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Being Part of Nadine’s Wildest Dreams

A visual and aural delight, Nadine Lustre’s visual album, Wildest Dreams, has to be the Opus Magnum of this young star’s career

On the occasion of her 27th birthday last Saturday, October 31, Nadine Lustre decided to do a neat inversion of roles, and was the one who gifted us all with a stunning package—her Wildest Dreams music album. Not just a collection of songs, Wildest Dreams, produced by James Reid’s Careless Music and created by Zoopraxi Studio, is a concept visual album. It’s a 32-minute short film that artfully ‘umbrellas’ her six new songs. And the way it’s been executed, it may very well be a first for the Philippine recording industry.


Each music video is a cunning mix of location shoots, studio set-ups, animation, CGI’s, and special effects. Rather than have 2-3 ideas edited on to and running in one video, this one goes all out, and there are 5-6 different things happening within each song. Then there’s the framing of a story, complete with plot line, dialogue, and animation, to stitch the six songs together. There’s the cameo of James Reid on the 4th song; but it’s a Nadine vehicle through and through, and she takes full advantage of the opportunity.

The visual album’s director, Zoopraxi’s Dominic Bekaert, was all praises for her enthusiasm, dedication, and willingness. “Quite often, Nadine herself would come up with ideas and suggest ways to do twists on sequences we had already shot. I welcomed this as it meant she was really involved; and for the post-production and editing stage, it gave me so many more options to play with, which was a blessing!’


“What we were trying to achieve was a visual album that had world class ideas and production values, while weaving in Philippine elements, such as the albularyo, the agimats, and a play on the Maria Makiling folk legend. Quintin Cu-Unjieng and I collaborated on the dialogue, and Sarge Lacuesta turned some of the passages into Filipino.”


“As a progression, the songs mirror the interior journey of Nadine. She’s racked with doubt and questioning in the first song; but gradually finds her true identity and worth, gaining confidence and a more secure sense of Self by the last song. We’re hoping this journey of self-empowerment—of discovery—something everyone will enjoy and appreciate.”

First reactions would seem to shout a resounding yes to that hoped-for outcome. Kudos and praises were flying all over the net after the album ‘dropped’ on the Careless and ABS YouTube platforms. From ‘game-changer’ to ‘seamless and dope’, to ‘This is art’—it’s evident that Wildest Dreams is marked to be an award-winner. Hopefully, not only for the music award-giving bodies; but even for film awards, as Best Short Film. It’s that deserving.


The concept of a visual album is not in itself a new one. The Beatles’ A Hard Day’s Night and Help could be considered forerunners of the concept; and more recently, we had Beyoncé’s Lemonade and Black Is King. But here in the Philippines, we’ve not seen a recording company put the kind of commitment and investment that was required to turn this Wildest Dreams into a reality.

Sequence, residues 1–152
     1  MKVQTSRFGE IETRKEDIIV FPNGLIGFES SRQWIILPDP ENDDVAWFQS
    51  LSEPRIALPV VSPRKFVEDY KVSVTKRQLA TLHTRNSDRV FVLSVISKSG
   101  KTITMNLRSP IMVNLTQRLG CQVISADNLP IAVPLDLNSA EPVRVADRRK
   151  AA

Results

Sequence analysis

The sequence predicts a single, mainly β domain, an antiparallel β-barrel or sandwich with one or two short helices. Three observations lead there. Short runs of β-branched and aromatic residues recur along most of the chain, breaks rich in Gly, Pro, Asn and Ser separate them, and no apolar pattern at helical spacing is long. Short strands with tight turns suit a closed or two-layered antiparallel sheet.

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Dominic and Zoopraxi were behind James Reid’s “Fiend”, which copped this year’s MYX’s Best Urban Video; and he readily admitted that they were first approached to do one or two of Wildest’s music videos. But they came back with the concept of tying in all the new Nadine self-penned tunes into one visual album. And candidly, Dominic admitted he was surprised when Careless gave it the green light. At fever-pitch, Dominic had to scramble on the pre-production stage, and along with Clem Comoy (his partner) secure locations, get health and safety protocols attended to, and shoot throughout July and August, in the midst of the community quarantine.

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Zoopraxi is a lean team, and Dominic was laughing about the different hats he had to put on—director, conceptualizer, scriptwriter, DOP, editor, and creator of special effects. Quintin Cu-Unjieng co-wrote and was second camera; and Clem was line producer. You’ll recognize the lobby of The Manila Hotel in “Dance in the Rain” (the 5th song on the album), and the beach scenes were shot at Caylabne Resort.


Wildest Dreams is a testament to Nadine maturing into a triple threat, as she sings, acts, and dances in this visual album. Hers is a magnetic presence throughout the short film. While I mentioned Beyoncé visual albums earlier, the music of Nadine here echoes Solange more, and I loved how the second number has strains of Madonna’s Vogue-days. Visually and musically, the lively gray skies (“Dance in the Rain”) is my favorite, as it perfectly encapsulates the spirit of sheer celebration that runs through the album.

Nadine and Careless can be very proud of this accomplishment; as it sets a new Filipino benchmark for how to release music. As one other reaction on the net put it, “Ang ganda, I can watch the whole album again and again, and catch new things to love each time.”



(Happy disclaimer: Dominic C. Bekaert is my nephew, and Quintin Cu-Unjieng my eldest son. But as they’ll readily attest, I’m their harshest critic, and I’ve always been the tough love advocate. On Wildest Dreams, Dominic has literally hit it out of the ballpark, and I’m impressed with the abundance of ideas, and how it all makes ‘tahi’ with the music.)


Photos courtesy of Clementine Comoy, Black and White photos courtesy of Zon Lee

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